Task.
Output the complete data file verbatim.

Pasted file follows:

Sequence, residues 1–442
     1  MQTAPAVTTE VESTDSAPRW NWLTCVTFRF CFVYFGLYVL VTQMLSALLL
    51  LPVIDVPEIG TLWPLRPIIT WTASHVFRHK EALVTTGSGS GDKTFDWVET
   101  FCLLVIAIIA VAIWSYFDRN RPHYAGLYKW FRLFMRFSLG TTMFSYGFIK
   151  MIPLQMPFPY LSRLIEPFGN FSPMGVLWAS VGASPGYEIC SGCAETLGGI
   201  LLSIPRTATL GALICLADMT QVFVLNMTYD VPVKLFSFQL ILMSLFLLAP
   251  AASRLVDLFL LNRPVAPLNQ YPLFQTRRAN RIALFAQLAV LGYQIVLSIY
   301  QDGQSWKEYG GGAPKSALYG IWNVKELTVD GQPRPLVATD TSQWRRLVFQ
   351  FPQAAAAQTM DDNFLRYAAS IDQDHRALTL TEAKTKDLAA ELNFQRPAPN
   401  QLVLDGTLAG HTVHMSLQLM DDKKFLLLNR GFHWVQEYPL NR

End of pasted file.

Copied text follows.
Sequence, residues 1–442
     1  MQTAPAVTTE VESTDSAPRW NWLTCVTFRF CFVYFGLYVL VTQMLSALLL
    51  LPVIDVPEIG TLWPLRPIIT WTASHVFRHK EALVTTGSGS GDKTFDWVET
   101  FCLLVIAIIA VAIWSYFDRN RPHYAGLYKW FRLFMRFSLG TTMFSYGFIK
   151  MIPLQMPFPY LSRLIEPFGN FSPMGVLWAS VGASPGYEIC SGCAETLGGI
   201  LLSIPRTATL GALICLADMT QVFVLNMTYD VPVKLFSFQL ILMSLFLLAP
   251  AASRLVDLFL LNRPVAPLNQ YPLFQTRRAN RIALFAQLAV LGYQIVLSIY
   301  QDGQSWKEYG GGAPKSALYG IWNVKELTVD GQPRPLVATD TSQWRRLVFQ
   351  FPQAAAAQTM DDNFLRYAAS IDQDHRALTL TEAKTKDLAA ELNFQRPAPN
   401  QLVLDGTLAG HTVHMSLQLM DDKKFLLLNR GFHWVQEYPL NR